Zone 7 Yuccas: Choosing Yucca Plants For Zone 7 Gardens
By: Darcy Larum, Landscape Designer
When you think of yucca plants, you may think of an arid desert full of yucca, cacti, and other succulents. While it’s true that yucca plants are native to dry, desert-like locations, they can also grow in many cooler climates. In this article, we will discuss growing yucca in zone 7, where many hardy yucca plants grow quite well.
Growing Yucca in Zone 7 Regions
Yucca plants are evergreen, even in cool climates. With heights up to 7 feet (2 m.) and sword-like foliage, they are oftentimes used as dramatic specimen plants in landscape or xeriscape beds. Even smaller varieties are excellent plants for hot, dry rock gardens. Yucca does not fit into every landscape though. I frequently see yucca plants that seem out of place in formal or cottage style gardens. Think carefully before planting a yucca plant, because once they are established, they can be very difficult to get rid of in the garden.
Yucca grows best in full sun but can tolerate part shade. Plant zone 7 yuccas in sites with poor, sandy soil, where other plants have struggled. Once established, they produce beautiful displays of lantern shaped flowers on tall spikes. When the blooms fade, deadhead these flower spikes by cutting them right back to the plant crown.
You can also try growing yucca in zone 7 within large urns or other unique planters for a less permanent but still dramatic or whimsical garden accent.
Hardy Yucca Plants
Below are some hardy yucca plants for zone 7 and available varieties.
- Adam’s Needle Yucca (Yucca filamentosa) – varieties Bright Edge, Color Guard, Golden Sword, Ivory Tower
- Banana Yucca (Yucca baccata)
- Blue Yucca (Yucca rigida)
- Blue Beaked Yucca (Yucca rostrata) – variety Sapphire Skies
- Curved Leaf Yucca (Yucca recurvifolia) – varieties Margaritaville, Banana Split, Monca
- Dwarf Harriman Yucca (Yucca harrimaniae)
- Small Soapweed Yucca (Yucca glauca)
- Soaptree Yucca (Yucca elata)
- Spanish Dagger Yucca (Yucca gloriosa) – varieties Variegata, Bright Star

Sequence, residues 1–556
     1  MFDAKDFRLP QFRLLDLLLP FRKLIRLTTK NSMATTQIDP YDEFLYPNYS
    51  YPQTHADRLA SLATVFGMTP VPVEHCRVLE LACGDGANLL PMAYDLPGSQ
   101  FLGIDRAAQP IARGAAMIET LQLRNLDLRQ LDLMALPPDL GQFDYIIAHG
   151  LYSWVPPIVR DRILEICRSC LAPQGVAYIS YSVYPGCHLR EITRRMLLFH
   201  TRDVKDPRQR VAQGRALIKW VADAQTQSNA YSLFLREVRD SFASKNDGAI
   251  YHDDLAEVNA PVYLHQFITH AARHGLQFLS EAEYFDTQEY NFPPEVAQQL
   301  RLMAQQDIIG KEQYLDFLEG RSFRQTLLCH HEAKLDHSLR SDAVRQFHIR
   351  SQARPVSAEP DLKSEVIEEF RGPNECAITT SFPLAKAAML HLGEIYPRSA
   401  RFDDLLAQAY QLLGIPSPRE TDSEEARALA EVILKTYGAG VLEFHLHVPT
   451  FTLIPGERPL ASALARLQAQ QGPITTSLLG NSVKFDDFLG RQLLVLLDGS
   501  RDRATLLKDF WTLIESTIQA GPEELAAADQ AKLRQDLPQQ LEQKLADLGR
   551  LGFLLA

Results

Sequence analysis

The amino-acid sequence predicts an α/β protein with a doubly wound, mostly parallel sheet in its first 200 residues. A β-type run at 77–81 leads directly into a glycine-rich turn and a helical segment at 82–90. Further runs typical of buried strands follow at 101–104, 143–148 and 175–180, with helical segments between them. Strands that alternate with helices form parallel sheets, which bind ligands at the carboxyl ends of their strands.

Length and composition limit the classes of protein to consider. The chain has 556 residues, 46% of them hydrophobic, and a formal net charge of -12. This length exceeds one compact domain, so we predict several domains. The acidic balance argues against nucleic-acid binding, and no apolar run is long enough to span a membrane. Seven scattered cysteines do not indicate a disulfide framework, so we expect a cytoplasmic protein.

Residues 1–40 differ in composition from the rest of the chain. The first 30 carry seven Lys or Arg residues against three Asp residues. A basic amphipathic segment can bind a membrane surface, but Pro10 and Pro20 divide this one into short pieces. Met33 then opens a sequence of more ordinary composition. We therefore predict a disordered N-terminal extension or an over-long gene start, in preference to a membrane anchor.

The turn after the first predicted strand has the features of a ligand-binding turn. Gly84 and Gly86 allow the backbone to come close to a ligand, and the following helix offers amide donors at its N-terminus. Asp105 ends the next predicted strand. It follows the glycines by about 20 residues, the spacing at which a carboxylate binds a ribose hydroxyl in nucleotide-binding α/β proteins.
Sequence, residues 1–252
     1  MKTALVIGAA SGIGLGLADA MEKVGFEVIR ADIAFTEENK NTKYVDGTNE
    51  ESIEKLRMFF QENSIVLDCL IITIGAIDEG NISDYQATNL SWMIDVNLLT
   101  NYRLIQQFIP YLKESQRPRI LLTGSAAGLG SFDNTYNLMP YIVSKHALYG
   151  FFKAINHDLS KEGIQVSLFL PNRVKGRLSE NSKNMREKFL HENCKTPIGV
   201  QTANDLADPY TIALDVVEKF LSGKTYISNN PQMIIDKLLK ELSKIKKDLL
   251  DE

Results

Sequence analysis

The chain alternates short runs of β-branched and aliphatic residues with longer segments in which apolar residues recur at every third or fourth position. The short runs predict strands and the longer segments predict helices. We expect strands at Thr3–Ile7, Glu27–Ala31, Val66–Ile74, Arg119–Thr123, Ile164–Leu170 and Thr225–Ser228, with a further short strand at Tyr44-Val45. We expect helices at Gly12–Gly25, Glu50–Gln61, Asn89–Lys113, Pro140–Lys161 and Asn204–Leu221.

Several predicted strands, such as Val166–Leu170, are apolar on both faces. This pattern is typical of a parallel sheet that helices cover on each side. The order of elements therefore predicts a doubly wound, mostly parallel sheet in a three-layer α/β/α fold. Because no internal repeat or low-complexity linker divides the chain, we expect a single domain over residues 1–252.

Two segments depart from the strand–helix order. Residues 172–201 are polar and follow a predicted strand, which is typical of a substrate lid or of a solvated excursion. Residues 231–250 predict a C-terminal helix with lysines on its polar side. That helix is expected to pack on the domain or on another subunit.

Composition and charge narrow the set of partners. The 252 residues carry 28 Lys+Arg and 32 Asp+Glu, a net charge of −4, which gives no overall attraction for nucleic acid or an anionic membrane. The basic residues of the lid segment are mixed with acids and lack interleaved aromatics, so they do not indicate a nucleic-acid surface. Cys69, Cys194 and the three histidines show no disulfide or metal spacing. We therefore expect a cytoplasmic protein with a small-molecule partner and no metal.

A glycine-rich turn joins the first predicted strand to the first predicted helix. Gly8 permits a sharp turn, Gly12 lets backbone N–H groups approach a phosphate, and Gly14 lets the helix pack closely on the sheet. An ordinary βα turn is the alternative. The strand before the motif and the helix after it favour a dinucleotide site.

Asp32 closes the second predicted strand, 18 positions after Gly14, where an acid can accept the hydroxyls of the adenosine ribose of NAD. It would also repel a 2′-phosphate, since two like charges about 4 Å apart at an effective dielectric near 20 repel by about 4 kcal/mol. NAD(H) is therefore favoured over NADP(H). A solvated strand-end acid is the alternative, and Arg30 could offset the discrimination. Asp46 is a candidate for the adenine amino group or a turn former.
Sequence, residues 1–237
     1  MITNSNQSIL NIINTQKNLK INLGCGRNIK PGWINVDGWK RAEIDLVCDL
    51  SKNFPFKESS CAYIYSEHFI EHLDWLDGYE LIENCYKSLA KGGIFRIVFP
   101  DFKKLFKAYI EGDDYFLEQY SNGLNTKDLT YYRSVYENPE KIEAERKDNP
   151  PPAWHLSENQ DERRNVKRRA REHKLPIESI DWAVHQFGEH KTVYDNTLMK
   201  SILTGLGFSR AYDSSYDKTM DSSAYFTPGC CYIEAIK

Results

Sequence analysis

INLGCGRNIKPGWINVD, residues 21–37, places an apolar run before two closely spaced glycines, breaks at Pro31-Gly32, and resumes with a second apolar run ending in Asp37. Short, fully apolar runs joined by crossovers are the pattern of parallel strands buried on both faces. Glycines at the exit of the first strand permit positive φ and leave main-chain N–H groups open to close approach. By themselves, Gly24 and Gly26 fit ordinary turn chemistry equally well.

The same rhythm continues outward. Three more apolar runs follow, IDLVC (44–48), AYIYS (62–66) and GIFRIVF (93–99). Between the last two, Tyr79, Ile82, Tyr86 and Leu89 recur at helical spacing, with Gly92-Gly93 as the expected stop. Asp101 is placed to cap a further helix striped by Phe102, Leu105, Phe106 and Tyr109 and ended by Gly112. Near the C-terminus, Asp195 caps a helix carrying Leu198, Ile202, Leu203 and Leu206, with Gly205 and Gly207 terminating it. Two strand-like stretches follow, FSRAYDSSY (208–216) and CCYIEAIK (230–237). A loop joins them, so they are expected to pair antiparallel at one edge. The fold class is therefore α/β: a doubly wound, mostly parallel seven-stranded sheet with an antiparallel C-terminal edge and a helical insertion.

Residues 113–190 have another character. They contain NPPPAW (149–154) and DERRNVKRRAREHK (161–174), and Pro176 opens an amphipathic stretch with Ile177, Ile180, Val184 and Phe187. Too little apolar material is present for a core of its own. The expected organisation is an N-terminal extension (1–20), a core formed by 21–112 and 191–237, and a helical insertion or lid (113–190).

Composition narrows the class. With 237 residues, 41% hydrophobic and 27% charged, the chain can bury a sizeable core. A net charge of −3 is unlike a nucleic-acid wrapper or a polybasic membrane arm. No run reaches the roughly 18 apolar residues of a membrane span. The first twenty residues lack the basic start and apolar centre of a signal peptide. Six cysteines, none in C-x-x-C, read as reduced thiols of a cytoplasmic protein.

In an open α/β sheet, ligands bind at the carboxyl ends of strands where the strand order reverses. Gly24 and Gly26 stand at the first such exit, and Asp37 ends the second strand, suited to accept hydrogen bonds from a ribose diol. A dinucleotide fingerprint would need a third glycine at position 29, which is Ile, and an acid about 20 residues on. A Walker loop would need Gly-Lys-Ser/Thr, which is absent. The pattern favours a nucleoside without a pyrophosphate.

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HOW TO PLANT YUCCA
When to plant:
Start seeds indoors at any time, or outdoors in spring. To start hardy varieties outside, spring temperatures should be 55 to 65°F. Wait until temperatures are 66 to 75°F for more tender varieties.
Where to plant:
Select an area that receives partial to full sun, but most importantly, a location that is well-draining. Yuccas will develop root rot quite easily if there is residual or standing water. When choosing a location, consider the mature size of the yucca plant, as some grow to be quite large. Locate in areas where they can be appreciated, but not where their sharp, spiny leaves can be accidentally bumped into away from walkways and play areas. Massive root structures can grow over time that have the power to crack foundations, disrupt retaining walls, and invade pools and irrigation pipes. These large root structures are extremely difficult to get rid of and any remnants left behind can grow more yuccas.
How to plant:
Soak seeds for 24 hours prior to planting to help with germination, or rub with sand paper to scar the surface. Plant at a depth of one to two seed lengths. Keep the seeds moderately moist, and you should begin to see signs of germination in about 3 to 4 weeks. Transplant the seedlings at about 8 weeks into bigger pots or permanent location. See more about growing from offsets below, under Propagation.
Yucca growth is quite slow and variable, especially if grown from seed. It may take a few years until they flower.
Rebutia has become popular mainly because of its freely flowering nature and small size. They produce flowers that have a wide range of colors and are usually large compared to the body of the cactus. They range from Bolivia to Argentina, and can form large clusters in cultivation. Some species can tolerate frost and grow well in cooler temperatures. A popular one is Rebutia Muscula or Orange Snow Ball or White Haired Crown cactus. They are densely covered with furry white spines and produce bright orange flowers.
Please click on frost protection to get some recommendations on where to purchase frost cloths, frost blankets and greenhouses.
If you are wondering where you can purchase succulents and cacti online, please check out my Resource Page to get some ideas.